Applying for a New License (Drivers 18+) in Connecticut
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- 1) Choose Your License
- 2) Take a Driver's Education Course
- Pass the CT Written and Vision Tests
- Prepare for the Test
- Locate a Department of Motor Vehicles (DMV) Office
- Test-Day Preparations
- Take the CT Written Test
- Hold Your CT Learner's Permit
- Get a Car
- Get Car Insurance
- Take the Driving Test
Whether you're a teenager ready to get behind the wheel or you just moved to the state, you must obtain a driver's license to legally operate a motor vehicle on Connecticut roads. The state offers the following types of licenses:
- Non-commercial (class D license for any vehicle that doesn't require a commercial license)
- Motorcycle endorsement
If you're a first-time driver younger than 18 years old, you must meet specific requirements to obtain your driver's license.
Teens ― You'll need to provide proof that you've completed a suitable driver's education class before applying for your license.
To obtain a learner's permit, you must pass a 25-question written test as well as a vision exam.
On the day of the test be ready to:
- Pass a vision test.
- Show your birth certificate or current U.S. passport.
- Provide another form of acceptable identification.
- Provide proof of Connecticut residence (utility bill, rental agreement, recently postmarked material, etc.).
- Give your Social Security number or have a letter from the Social Security Administration stating that you're ineligible for one.
- Provide a non-returnable, recent photo of yourself (no sunglasses or headwear).
- Show your completed medical certificate (only for those with disabilities).
- Complete the permit application form.
- Pay the required $40 testing fee.
- Pay the $19 learners permit fee, if you pass the tests.
Written tests are available in several languages. Oral tests are provided in English.
You must hold your permit for a minimum of 90 days before taking the road exam. Practice driving with either a certified driving instructor or a licensed driver who is older than 20 years old and has held a driver's license that has not been suspended for at least 4 years.
You must provide a car that's safe to operate in order to take the road exam. If you need to find such a car and are considering buying a used car, it's smart to obtain a vehicle history report prior to purchasing the vehicle.
You can't drive without insurance coverage. If you're looking for a carrier, visit our Insurance Center to find the best rates.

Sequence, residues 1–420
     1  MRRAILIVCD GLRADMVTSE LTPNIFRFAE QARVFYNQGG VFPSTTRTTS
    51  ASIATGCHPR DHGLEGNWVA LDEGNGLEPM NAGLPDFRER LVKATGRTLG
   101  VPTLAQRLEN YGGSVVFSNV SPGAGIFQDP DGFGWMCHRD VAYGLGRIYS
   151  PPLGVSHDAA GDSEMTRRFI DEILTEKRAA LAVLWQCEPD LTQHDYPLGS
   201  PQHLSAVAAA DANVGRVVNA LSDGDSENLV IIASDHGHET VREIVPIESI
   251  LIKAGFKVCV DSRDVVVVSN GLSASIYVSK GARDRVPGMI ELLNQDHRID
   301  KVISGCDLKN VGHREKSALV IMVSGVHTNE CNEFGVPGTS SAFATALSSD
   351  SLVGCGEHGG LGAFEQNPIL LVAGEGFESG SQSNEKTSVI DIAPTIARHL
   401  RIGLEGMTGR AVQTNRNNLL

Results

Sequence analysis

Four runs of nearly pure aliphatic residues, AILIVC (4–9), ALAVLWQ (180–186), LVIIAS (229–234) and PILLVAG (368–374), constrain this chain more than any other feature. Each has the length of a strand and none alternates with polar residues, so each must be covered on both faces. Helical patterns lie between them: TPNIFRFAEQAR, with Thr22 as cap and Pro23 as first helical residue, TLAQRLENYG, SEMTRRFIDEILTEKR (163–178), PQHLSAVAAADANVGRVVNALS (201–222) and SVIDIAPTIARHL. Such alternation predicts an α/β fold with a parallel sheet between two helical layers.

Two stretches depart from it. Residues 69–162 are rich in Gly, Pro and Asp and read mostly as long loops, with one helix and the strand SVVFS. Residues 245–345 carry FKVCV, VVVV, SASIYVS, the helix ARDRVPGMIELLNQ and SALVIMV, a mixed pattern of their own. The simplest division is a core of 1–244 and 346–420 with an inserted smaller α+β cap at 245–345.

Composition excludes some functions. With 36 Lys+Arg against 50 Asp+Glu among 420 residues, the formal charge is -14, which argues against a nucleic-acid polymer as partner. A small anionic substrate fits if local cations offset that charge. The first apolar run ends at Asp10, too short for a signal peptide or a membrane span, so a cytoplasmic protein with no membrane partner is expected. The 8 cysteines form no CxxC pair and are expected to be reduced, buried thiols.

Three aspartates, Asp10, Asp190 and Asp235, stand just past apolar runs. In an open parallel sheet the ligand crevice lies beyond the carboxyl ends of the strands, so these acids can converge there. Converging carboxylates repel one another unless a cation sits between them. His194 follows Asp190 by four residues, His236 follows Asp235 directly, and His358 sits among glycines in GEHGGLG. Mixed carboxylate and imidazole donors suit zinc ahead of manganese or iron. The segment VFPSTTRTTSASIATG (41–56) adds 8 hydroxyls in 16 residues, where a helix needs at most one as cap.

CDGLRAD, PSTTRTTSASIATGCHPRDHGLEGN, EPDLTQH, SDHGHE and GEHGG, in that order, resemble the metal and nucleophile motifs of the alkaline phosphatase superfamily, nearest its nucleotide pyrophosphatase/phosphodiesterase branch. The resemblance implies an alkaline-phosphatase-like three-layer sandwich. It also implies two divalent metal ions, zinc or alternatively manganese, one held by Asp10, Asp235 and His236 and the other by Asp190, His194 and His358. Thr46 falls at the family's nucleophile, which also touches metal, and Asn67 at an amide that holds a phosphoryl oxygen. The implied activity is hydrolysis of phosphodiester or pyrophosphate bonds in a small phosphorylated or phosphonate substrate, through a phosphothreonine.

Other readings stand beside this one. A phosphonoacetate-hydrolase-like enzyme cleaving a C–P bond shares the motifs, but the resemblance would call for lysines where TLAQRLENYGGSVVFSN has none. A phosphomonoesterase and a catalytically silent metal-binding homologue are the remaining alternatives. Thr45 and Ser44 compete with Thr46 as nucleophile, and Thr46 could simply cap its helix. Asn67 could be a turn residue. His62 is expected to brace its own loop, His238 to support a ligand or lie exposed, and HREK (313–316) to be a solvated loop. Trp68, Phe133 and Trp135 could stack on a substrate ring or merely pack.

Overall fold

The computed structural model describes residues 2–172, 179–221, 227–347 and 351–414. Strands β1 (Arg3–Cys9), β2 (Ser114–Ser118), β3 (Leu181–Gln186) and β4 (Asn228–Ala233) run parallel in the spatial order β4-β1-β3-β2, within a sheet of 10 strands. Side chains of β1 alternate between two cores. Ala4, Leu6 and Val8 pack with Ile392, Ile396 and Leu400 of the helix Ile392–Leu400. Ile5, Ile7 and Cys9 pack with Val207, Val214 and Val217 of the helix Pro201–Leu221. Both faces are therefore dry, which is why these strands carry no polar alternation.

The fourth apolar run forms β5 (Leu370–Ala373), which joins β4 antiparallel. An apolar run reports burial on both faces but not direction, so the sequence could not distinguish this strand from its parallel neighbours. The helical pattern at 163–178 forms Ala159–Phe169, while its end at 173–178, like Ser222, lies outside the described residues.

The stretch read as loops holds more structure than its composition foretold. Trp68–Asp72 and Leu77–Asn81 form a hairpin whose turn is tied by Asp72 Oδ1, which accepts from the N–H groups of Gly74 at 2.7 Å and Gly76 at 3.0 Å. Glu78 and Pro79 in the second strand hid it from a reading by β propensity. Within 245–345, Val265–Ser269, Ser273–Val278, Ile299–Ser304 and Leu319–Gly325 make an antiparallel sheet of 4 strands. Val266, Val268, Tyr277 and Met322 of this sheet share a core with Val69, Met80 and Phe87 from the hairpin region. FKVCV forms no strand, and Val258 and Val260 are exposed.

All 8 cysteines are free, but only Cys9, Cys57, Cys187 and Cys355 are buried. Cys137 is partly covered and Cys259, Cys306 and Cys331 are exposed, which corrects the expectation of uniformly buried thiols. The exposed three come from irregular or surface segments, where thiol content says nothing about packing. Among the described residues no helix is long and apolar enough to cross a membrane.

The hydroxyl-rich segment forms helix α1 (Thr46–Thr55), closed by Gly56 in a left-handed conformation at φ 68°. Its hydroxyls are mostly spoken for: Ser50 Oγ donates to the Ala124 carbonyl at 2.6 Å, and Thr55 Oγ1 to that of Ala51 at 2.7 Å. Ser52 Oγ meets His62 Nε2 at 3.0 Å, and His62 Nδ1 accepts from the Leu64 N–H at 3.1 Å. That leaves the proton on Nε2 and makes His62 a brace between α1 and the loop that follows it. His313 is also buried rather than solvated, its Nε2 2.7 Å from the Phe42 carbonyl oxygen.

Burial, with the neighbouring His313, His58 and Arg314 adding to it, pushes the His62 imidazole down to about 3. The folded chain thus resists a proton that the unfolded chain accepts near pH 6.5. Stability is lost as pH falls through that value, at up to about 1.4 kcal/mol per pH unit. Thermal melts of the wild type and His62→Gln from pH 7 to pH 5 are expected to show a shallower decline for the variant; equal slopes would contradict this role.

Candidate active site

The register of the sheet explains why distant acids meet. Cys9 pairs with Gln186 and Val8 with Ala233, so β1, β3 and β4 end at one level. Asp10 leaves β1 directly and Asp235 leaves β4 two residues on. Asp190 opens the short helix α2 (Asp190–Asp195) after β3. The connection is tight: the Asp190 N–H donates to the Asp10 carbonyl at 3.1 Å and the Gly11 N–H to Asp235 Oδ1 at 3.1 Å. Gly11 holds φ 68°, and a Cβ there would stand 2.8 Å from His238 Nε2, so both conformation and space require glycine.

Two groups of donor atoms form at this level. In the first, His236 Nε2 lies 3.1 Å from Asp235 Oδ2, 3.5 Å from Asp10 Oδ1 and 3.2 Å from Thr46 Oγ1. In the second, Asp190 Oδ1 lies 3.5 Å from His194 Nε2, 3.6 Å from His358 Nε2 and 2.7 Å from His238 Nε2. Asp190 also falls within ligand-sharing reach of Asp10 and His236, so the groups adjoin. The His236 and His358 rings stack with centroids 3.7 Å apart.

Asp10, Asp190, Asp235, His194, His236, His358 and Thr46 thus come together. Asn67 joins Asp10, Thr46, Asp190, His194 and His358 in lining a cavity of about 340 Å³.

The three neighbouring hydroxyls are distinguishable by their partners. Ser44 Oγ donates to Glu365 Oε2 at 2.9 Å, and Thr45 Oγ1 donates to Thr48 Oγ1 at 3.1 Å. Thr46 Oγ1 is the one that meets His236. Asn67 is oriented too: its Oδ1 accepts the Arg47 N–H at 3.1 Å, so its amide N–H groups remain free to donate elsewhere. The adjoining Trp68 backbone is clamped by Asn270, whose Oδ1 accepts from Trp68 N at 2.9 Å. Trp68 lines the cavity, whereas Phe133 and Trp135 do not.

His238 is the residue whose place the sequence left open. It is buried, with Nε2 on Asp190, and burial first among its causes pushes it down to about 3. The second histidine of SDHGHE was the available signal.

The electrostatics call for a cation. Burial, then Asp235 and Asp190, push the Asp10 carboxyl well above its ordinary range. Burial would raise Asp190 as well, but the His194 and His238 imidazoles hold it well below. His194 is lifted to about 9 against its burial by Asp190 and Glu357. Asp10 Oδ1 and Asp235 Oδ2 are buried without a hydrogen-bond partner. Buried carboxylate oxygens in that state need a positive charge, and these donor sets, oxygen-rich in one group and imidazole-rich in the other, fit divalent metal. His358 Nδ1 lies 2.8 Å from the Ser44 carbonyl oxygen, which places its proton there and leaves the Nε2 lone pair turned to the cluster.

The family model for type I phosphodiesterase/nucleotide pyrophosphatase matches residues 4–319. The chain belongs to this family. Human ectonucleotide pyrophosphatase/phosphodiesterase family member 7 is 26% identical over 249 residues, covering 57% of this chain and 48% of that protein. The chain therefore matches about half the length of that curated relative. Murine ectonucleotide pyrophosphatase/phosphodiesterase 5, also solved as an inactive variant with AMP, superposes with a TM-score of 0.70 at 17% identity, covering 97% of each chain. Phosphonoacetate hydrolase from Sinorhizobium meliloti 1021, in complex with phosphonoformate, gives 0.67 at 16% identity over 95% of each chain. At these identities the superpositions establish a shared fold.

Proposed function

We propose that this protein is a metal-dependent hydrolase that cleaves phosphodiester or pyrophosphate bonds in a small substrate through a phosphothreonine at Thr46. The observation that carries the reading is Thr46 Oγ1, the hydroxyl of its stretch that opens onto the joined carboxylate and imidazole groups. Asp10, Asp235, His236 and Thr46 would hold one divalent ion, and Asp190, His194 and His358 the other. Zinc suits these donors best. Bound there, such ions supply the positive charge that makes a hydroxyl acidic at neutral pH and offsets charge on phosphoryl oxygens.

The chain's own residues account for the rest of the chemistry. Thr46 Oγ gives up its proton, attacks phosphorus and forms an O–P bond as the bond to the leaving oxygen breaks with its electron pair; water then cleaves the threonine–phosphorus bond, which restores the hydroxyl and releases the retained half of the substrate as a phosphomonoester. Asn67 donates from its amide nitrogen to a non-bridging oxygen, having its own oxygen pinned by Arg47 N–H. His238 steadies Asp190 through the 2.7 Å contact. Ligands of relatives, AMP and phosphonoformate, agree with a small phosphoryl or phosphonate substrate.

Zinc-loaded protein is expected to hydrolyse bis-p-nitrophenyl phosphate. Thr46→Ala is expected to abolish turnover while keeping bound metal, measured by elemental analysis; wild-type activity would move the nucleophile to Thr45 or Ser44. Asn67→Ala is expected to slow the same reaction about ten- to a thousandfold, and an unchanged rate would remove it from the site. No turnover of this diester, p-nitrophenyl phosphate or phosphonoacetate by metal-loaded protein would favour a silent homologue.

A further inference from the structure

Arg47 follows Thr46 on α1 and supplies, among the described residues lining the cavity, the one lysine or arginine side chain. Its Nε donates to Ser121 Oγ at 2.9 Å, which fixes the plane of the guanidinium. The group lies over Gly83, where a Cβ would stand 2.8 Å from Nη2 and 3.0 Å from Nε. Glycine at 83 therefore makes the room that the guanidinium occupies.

Almost everyone needs to take ―and pass― the road test in order to gain their Connecticut driver's license. However, you may be able to skip the road (and written) test if you are new to the state and are transferring over your out-of-state license.
Appointments are assigned for your road test by the DMV. Before taking the test, you must show the vehicle registration and your valid insurance card.
Once You Pass
You'll need to pay the appropriate license fee to get your license. Expiration dates vary according to birthdate.
If You Fail
You need to wait 14 days before being able to take the road test again; the wait period for the writing test is 7 days. It costs $40 to take either test again.
You must be legally considered a resident of Connecticut in order to apply for a state driver's license.
However, if you have a current license issued in France, Canada, Germany, American Samoa, Guam, Puerto Rico, or the U.S. Virgin Islands your license is treated as a U.S. out-of-state license.
If you're in this category, you don't need to take any tests to convert your license. But, you do still need to apply for a license.To apply for a license, follow the rules outlined for drivers with out-of-state licenses. Be aware you will have to give up your home country license to the DMV after receiving your Connecticut license.
If you're not from any of the areas mentioned, you will need to follow these guidelines to obtain a license. Among other things, you'll need to verify your legal status within the country and residency in Connecticut, and provide your state insurance card as well as a photograph of yourself.
Then, you'll need to pass the vision, knowledge, and road tests. After you obtain a Connecticut license, you may retain your license from your home country.Other Topics in This Section